Reminder for public to keep wildlife wild after javelina bite residents in separate Sedona incidents

The Game and Fish Department reminds everyone to stop feeding wildlife following two recent javelina attacks near Sedona. Both attacks were the result of people feeding javelina at their homes.

On Feb. 5, Game and Fish received information that a 79-year-old woman was bitten by a javelina in a neighborhood southwest of Sedona. The attack occurred at around 4 p.m. at the woman’s residence, where she received severe bite wounds to her leg as she tried to stop the javelina from attacking her dogs.

A responding Game and Fish wildlife officer confirmed the woman was intentionally feeding a herd of javelina at her home. The victim was treated in Sedona and released.

The second incident occurred on Feb 25. The department received information that an elderly man was bitten by a javelina in Oak Creek Village as he was feeding a herd of javelina in his backyard. When food wasn’t provided quickly enough, one of the animals became aggressive and bit the man in the leg. He was treated at a local emergency room in Sedona and released. The victim has been going through the preventative rabies shot series.

These incidents placed the department in a very difficult position where it had to act immediately and consequently contracted with the U.S. Department of Agriculture Wildlife Services to conduct lethal removal of the javelina within a quarter-mile radius of the victims’ residences.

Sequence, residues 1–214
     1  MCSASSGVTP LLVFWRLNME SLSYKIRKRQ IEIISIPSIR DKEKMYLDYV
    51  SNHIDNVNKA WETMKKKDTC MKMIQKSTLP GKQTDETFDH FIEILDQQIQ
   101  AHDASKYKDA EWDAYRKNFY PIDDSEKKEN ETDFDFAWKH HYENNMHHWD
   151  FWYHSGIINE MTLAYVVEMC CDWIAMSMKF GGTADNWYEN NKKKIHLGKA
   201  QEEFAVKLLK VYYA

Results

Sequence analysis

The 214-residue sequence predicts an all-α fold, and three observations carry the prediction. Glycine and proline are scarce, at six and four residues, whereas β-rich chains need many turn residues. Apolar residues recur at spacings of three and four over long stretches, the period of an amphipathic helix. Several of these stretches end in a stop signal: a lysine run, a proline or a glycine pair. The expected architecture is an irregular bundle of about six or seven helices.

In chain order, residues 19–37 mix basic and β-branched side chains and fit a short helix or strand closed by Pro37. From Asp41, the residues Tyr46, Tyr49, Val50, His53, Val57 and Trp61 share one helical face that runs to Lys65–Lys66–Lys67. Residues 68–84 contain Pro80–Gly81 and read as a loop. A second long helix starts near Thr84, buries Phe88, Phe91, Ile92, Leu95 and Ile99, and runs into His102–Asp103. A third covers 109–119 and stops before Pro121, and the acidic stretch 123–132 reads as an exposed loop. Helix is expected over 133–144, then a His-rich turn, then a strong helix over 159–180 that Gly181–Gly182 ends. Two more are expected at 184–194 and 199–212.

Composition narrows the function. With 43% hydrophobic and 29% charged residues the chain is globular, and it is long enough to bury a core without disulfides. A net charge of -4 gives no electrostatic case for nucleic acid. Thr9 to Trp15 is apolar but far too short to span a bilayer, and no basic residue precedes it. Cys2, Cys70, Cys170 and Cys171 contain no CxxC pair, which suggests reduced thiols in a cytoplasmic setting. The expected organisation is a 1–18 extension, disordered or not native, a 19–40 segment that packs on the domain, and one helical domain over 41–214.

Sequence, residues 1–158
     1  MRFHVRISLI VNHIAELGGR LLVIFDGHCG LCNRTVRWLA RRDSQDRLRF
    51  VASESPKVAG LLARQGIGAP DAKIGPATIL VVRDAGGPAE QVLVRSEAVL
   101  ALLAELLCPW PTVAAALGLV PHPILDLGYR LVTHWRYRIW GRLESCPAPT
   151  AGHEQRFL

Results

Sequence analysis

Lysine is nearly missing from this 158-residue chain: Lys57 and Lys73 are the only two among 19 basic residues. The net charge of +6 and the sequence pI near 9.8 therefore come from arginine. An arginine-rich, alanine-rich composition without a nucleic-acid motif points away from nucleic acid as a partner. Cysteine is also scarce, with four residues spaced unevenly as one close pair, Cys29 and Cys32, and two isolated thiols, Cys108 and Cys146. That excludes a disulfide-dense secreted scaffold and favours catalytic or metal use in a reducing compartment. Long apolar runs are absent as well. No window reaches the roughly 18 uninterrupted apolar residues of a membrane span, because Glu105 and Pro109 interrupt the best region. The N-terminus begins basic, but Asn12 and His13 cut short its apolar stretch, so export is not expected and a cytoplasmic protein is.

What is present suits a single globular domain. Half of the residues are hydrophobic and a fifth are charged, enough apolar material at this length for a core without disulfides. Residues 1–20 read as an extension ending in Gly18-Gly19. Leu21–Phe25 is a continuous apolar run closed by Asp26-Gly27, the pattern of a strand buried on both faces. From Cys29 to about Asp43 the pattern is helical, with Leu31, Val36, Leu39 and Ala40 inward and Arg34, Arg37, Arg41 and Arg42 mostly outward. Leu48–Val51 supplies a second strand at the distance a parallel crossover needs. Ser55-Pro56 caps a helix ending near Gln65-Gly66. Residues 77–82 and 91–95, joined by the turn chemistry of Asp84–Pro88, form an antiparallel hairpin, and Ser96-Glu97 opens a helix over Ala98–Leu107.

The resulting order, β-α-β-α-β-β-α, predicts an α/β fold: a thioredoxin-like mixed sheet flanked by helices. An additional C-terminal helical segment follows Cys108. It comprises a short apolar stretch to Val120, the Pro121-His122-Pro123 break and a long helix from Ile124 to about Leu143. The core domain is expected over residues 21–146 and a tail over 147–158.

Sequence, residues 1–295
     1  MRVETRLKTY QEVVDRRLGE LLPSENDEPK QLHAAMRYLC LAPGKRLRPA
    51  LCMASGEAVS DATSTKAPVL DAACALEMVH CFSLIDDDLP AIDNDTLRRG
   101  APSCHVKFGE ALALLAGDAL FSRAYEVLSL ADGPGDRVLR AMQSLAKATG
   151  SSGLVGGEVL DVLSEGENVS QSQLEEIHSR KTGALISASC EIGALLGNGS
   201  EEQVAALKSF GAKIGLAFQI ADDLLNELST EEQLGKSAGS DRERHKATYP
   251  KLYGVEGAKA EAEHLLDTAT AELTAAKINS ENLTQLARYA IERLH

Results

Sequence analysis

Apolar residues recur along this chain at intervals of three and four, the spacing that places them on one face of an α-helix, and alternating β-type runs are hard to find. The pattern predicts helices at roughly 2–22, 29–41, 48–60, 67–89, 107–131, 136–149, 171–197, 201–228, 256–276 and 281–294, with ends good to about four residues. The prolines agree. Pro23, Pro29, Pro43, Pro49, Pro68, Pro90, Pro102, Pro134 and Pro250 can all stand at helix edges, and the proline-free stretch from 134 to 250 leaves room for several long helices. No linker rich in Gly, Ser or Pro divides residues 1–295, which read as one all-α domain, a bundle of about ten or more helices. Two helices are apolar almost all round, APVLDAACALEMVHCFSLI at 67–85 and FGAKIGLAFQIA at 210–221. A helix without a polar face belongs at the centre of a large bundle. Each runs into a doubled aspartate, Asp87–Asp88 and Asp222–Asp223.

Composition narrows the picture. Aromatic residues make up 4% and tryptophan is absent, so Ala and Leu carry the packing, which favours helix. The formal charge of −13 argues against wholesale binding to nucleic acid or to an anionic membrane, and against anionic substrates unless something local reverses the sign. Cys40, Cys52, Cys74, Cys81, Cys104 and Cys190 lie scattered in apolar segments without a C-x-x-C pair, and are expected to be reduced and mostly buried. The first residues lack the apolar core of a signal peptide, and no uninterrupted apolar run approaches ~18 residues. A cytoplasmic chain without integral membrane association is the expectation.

The decision to lethally remove the animals was based on the attacks, an imminent public safety threat created by intentional feeding, the habituation and loss of fear to humans by the javelina, and a concern for possible rabies. A javelina tested positive for rabies in Sedona approximately eight months ago.

“The Game and Fish department strongly discourages feeding wildlife other than birds and tree squirrels,” said Scott Poppenberger, Arizona Game and Fish Department Flagstaff regional supervisor. “Wildlife feeding frequently creates dangerous situations for both wildlife and people, often setting the stage for attacks.” As wildlife are fed by people, they lose their natural fear of humans and become dependent on unnatural food sources. Feeding places the person feeding, their neighbors and the wildlife at risk.

The department is tasked with managing all wildlife in Arizona and working to ensure public safety. The department does not want to be in a position where it must decide to lethally remove wildlife due to irresponsible feeding so please help to keep wildlife wild.

Animals removed by USDA Wildlife Services have been sent to a laboratory for rabies testing. To date, test results received have been negative, some results are still pending.

To report unusual wildlife sightings or behavior call your local Arizona Game and Fish Department office or the appropriate county community health services department. For more information, visit